Learn More: What Is Self Service Analytics? The Role of Accessible BI Explained


3. Identify Your Self-Service BI Champions

Ensuring your self-service analytics solution is embraced by your internal users as fast and seamlessly as possible is important, but it can be a challenge. One effective way to realize this objective is to focus on identifying who in the enterprise can proactively lead the implementation of the software into the business and into the average users’ daily workflows - by example.

Self-service BI champions are enterprise users who are ideally data-driven, knowledgeable with basic reporting and dashboards, and are highly likely to leverage your new user-friendly analytics tools to their fullest advantage from day one. Naturally, these types of power users will be the best advocates for its use throughout the business, and for conveying the value of BI. Including your future BI advocates in the planning and implementation process, then, is essential.

Of course, your self-service analytics champions shouldn’t just be already technically-minded individuals (analysts, report builders, developers). Make sure to include non-technical business leaders that may be actively seeking better and easier ways to extract insights from their data, as well as staff from business units that may benefit from having new analytics tools in their workflows immediately (Sales, Marketing, Customer Experience, etc).

Learn More: Self-Service Analytics: 5 Key Benefits and Improvements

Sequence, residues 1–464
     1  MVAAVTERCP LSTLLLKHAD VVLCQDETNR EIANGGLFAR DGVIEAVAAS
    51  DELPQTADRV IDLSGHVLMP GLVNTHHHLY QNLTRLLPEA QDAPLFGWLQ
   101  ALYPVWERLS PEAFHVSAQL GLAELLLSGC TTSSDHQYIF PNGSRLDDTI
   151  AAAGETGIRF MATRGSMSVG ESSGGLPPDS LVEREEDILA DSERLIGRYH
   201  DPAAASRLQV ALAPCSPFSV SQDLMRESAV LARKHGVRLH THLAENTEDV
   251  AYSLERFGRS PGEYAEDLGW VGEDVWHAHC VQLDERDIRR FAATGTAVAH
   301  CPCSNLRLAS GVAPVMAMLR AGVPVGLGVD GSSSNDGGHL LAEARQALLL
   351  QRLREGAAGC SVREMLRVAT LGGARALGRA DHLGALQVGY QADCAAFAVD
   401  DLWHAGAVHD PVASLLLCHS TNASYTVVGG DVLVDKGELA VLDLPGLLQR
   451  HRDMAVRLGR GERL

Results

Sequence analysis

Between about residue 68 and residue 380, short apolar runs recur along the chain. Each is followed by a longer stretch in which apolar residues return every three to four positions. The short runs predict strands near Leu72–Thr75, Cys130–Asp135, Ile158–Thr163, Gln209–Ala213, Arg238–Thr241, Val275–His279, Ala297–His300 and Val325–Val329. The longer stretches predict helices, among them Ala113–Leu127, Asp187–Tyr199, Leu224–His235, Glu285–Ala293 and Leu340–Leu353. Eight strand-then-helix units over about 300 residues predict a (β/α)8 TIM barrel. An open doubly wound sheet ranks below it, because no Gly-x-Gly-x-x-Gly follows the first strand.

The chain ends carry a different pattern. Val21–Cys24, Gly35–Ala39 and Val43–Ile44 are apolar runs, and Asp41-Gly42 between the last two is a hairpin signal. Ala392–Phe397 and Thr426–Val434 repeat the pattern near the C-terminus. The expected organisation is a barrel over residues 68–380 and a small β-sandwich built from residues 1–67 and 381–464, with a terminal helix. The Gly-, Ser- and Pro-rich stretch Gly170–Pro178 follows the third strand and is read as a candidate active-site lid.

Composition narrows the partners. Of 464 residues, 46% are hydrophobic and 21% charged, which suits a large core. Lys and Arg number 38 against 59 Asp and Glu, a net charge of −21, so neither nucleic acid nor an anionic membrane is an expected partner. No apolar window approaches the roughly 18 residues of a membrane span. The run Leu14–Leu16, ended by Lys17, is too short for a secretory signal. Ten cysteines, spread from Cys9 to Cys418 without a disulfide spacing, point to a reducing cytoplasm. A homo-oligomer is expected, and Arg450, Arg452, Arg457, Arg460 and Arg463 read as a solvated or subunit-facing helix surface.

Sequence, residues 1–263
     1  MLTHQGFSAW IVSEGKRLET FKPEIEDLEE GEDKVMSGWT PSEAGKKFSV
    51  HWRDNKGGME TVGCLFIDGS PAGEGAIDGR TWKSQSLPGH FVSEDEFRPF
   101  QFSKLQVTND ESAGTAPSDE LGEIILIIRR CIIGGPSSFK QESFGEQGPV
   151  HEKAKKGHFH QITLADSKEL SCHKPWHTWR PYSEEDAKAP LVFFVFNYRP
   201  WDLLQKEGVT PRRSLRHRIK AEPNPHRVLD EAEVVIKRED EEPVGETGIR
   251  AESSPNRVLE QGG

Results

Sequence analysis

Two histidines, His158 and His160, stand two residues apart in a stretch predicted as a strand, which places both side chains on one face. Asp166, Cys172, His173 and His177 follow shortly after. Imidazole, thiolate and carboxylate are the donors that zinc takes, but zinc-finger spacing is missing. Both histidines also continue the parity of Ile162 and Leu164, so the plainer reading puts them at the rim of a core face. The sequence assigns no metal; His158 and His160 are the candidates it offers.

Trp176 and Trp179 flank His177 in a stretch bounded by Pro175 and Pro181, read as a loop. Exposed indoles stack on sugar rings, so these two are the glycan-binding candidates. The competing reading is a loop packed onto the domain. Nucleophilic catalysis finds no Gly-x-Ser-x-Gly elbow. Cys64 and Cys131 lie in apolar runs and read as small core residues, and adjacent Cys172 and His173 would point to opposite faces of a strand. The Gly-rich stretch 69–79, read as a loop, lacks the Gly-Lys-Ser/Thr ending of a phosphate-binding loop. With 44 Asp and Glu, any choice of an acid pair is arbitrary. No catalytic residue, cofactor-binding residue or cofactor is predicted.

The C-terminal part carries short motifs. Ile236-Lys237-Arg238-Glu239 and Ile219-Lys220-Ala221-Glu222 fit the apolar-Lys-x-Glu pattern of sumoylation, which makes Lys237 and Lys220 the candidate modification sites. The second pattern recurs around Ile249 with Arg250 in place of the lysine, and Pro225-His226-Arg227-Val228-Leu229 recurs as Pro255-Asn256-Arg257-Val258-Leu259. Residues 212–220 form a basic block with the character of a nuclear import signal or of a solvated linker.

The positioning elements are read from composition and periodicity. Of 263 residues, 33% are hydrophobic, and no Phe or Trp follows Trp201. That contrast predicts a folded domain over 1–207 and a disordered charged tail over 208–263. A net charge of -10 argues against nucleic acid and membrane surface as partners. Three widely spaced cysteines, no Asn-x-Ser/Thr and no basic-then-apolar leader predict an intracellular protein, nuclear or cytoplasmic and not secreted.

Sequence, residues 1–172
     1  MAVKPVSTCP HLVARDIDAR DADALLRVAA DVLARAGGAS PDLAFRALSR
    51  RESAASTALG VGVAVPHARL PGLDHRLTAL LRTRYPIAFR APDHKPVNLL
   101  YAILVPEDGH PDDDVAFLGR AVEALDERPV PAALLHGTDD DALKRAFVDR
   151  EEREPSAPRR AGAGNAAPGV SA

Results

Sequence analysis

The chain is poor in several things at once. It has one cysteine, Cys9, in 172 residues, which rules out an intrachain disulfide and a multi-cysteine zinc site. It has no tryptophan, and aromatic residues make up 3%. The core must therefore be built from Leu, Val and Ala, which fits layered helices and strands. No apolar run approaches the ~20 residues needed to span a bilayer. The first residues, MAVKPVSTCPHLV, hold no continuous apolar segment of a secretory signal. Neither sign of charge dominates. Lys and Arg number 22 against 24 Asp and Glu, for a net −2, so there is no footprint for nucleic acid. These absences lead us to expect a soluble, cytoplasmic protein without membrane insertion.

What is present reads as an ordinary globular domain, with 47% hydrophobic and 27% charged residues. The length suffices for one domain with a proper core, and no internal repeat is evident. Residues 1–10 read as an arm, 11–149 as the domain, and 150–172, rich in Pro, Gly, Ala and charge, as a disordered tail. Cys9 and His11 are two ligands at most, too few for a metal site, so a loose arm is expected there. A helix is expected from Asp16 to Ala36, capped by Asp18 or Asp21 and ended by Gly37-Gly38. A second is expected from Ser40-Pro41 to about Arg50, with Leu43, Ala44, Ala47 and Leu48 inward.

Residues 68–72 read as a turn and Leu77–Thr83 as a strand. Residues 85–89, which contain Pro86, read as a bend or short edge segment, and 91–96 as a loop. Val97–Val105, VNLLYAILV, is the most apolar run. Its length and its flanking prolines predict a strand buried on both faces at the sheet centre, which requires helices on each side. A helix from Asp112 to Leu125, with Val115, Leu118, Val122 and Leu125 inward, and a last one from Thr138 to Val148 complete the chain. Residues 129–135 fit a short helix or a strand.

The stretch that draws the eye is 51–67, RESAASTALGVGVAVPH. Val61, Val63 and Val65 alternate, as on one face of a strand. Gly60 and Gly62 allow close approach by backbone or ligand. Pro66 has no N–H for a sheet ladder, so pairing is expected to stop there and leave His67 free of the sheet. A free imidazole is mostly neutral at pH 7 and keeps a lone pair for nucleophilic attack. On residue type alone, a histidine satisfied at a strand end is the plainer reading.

4. Begin Assessing Best-of-Breed Self-Service BI Capabilities

The evaluation and buying process of a self-service analytics solution understandably will take some time - so it’s in this stage that we advise not rushing and being as comprehensive as possible in establishing your business requirements, engaging in product demos and free trial offers, and asking many questions of your potential chosen self-service BI vendor. 

Modern BI vendors offer a wide range of capability, but specific to self-service BI, we recommend assessing whether your potential analytics vendor provides the following features:


We also advise seeking research and advice from independent data advisory experts, such as Gartner. The annual Gartner Magic Quadrant for Analytics and Business Intelligence Platforms is an excellent third-party report into the best self-service BI vendors currently in the market, with Yellowfin being awarded its ‘Visionary’ category for 3 years running (2020 - 2022).


5. Train and Educate Your Everyday Users

You’ve assessed your current data situation, defined your objectives, communicated the plan, found your champions and picked your preferred self-service BI vendor - now it’s time to ensure your everyday users get the training and education they need to effectively use your tools.

While the definition of self-service BI is streamlined analytics that allow regular people to explore, share and analyze data without needing extensive knowledge or skills, there is still a degree of introduction and guidance required to get your user base up-and-running with their new toolset.

The best vendors provide a combination of accessible, user-friendly analytics capability while also providing extensive documentation and training guides (in the form of courses, videos, webinars, and so on). Yellowfin, for example, provides an extremely beginner friendly way for any user to begin exploring their data with its Guided NLQ feature, while offering an in-depth Evaluation Guide for regular users to begin understanding the fundamentals, and a deep dive Wiki for more technical users - in addition to its free Yellowfin University training courses.

Learn More: Yellowfin University

Self-Service Analytics: Get Started with Yellowfin

Learn how Yellowfin can provide efficient, streamlined, self service analytics for every type of business user in your enterprise - try our free trial today.